Elements of Proof Arson Investigation unit 1 - 86871

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Elements of Proof

Ashley Adams

American InterContinental University






Arson is classified as a property crime (Bouquard, T., 2004). Arson can cause a significant amount of damage to someone’s life, financially and emotionally. It is time consuming and difficult to investigate because the burden of proof that the fire was intentionally started is often very hard to prove. In this essay, I will discuss the elements of proof for an arson fire. A description of two distinct motives for individuals that commit arson will also be given. These two motives will fall under a social, economic or psychological category. I will provide a background of the type of person that is likely to commit such crime and connect them to the motives. Finding leads on the suspect for this type of crime can sometimes be very difficult. I will give suggestions on things that might help develop leads on the suspect. Lastly, I will also tell what type of artifacts an investigator should be aware of that would help to identify the motives of an arsonist if the investigator was given the opportunity to search the residence and or business of the suspect.




Elements of Proof

            When it comes to fire scenes, there can be a great number of surprises. An investigator must gather facts about the scene because without the facts then the truth as to why the fire started will never be established. In the United States, arson is a serious problem. Arson is the number one cause of fires and the number two cause of people dying in a fire. In damages, arson costs more than one billion dollars yearly. Arson is defined as a crime where someone maliciously burns someone else’s property or burns they’re own property in order to gain something from the destruction (Bouquard, T., 2004). There are so many possibilities when it comes to the reason as to why a person would commit such crime.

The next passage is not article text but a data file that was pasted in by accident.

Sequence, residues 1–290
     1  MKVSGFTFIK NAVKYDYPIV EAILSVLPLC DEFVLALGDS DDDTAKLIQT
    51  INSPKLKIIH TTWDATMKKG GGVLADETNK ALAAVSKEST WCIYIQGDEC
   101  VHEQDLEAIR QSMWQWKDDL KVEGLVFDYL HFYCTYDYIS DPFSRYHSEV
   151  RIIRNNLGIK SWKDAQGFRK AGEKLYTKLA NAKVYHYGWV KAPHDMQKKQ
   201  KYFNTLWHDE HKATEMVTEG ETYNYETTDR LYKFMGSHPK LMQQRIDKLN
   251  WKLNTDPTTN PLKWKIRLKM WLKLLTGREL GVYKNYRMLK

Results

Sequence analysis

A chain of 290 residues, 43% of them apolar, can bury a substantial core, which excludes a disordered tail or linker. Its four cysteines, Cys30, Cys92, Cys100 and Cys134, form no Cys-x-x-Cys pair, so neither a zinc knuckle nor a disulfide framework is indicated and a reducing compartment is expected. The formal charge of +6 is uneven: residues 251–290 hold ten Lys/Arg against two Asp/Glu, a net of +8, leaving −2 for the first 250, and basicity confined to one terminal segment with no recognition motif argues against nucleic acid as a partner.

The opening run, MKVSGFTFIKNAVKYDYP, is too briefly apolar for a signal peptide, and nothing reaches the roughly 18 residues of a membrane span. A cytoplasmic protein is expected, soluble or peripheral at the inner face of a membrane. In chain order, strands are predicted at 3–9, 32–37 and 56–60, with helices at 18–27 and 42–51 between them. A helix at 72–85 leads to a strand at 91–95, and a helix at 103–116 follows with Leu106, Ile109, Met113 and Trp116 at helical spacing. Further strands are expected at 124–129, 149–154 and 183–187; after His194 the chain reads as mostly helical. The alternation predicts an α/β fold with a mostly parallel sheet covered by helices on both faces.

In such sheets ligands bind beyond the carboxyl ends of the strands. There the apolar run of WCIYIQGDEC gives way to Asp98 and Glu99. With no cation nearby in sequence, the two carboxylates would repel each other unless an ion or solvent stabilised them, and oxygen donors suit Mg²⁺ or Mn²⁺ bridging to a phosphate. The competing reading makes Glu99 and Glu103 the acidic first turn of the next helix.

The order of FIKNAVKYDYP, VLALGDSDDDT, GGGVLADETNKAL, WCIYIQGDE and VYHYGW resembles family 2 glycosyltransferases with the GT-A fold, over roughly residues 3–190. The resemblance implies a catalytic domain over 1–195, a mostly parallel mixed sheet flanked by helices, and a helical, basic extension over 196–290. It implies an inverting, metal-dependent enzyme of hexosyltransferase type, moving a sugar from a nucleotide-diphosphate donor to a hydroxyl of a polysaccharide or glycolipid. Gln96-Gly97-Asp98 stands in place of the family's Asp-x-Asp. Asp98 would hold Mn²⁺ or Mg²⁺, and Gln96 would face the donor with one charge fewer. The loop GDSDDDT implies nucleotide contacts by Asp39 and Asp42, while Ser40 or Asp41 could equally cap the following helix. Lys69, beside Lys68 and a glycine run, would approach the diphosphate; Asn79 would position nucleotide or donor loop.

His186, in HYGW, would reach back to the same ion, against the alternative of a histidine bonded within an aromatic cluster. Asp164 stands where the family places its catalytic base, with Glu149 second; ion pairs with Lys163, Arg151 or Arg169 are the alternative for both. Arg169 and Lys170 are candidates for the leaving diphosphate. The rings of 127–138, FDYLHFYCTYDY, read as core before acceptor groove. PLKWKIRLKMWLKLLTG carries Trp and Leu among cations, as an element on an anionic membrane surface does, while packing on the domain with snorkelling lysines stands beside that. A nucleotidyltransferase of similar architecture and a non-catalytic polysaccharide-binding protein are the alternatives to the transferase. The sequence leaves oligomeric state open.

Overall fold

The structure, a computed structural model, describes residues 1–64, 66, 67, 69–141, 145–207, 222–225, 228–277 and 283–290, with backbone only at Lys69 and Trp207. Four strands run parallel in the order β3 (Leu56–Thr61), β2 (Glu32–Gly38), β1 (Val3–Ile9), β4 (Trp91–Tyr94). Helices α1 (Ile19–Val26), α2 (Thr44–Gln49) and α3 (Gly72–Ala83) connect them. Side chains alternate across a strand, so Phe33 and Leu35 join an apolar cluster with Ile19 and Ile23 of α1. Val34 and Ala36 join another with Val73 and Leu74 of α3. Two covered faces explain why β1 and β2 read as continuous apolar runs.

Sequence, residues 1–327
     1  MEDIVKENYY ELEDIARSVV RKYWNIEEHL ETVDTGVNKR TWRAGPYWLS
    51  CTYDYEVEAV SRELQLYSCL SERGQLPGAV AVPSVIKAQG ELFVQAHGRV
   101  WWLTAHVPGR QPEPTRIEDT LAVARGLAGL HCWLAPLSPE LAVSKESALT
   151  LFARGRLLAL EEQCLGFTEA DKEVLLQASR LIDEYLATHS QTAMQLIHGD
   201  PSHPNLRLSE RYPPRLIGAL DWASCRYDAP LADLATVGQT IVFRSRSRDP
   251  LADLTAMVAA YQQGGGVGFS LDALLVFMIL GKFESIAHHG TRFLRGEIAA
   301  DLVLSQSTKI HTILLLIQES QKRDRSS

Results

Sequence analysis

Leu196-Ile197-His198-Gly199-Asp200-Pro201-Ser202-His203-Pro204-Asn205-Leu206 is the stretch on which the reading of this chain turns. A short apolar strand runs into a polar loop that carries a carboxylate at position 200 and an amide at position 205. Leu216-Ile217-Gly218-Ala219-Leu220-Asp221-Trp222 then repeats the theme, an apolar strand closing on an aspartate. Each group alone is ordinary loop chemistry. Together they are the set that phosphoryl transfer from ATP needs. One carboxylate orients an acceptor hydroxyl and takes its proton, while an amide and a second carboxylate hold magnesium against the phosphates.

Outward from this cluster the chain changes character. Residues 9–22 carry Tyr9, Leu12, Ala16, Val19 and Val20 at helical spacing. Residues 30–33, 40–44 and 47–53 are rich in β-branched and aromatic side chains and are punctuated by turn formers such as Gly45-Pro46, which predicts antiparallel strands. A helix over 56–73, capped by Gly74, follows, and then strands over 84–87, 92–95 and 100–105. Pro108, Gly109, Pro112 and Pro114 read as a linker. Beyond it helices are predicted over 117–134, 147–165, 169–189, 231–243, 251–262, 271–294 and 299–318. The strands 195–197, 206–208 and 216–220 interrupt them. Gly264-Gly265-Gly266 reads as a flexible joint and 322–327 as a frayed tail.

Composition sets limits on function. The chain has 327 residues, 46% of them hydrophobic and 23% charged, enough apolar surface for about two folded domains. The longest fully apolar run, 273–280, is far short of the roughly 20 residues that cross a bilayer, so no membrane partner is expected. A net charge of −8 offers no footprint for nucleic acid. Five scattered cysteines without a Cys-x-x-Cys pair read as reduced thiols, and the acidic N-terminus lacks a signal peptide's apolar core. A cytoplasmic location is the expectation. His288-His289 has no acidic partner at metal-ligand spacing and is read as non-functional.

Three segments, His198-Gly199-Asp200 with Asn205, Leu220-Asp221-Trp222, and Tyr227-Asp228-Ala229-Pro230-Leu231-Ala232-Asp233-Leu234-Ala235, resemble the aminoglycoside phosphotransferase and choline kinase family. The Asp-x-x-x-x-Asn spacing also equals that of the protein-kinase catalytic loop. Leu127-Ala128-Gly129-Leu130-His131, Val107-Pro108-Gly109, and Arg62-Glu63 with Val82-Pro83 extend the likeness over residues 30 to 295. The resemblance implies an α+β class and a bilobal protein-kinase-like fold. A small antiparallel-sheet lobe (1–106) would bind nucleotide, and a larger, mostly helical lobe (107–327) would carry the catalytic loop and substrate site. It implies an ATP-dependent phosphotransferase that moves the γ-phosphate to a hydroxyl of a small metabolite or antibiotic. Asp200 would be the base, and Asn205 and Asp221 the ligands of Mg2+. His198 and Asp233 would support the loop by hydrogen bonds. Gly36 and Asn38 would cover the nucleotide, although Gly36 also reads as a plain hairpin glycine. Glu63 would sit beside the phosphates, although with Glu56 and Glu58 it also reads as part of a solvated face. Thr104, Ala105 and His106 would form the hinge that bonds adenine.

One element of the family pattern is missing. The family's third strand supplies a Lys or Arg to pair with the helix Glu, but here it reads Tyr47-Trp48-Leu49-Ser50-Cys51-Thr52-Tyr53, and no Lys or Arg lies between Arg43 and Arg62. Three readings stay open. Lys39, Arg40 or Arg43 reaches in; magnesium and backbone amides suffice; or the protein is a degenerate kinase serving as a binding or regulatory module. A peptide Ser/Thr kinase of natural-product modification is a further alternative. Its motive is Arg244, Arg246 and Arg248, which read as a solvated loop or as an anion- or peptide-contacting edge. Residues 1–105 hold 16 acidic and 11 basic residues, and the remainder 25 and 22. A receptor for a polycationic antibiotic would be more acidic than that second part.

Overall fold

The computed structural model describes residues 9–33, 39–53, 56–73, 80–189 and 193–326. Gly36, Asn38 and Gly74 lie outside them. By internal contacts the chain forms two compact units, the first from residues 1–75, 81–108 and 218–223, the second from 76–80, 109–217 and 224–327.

Arson is the malicious or fraudulent burning of property. In criminal justice it is understood that all criminal cases must be proved “beyond a reasonable doubt” and civil cases require “clear and convincing evidence” (Bouquard, T., 2004). The origin and the cause of a fire can vary and involve a number of things that have to be taken into consideration. Property crimes, are crimes in which property is destroyed. Property such as an inhabited structure, vehicle, building, etc. Other property crimes would be where the property is taken against the will of the owner. In order to constitute the offense of arson, it must be proven that the suspect intended to burn the property, the conduct of the suspect must be proven that he or she didn’t accidentally set the fire, which the act was done maliciously. Malice is not only when the actions are done with ill will, intentional reckless conduct is enough to constitute malice (Bouquard, T., 2004).

            There are three main things tha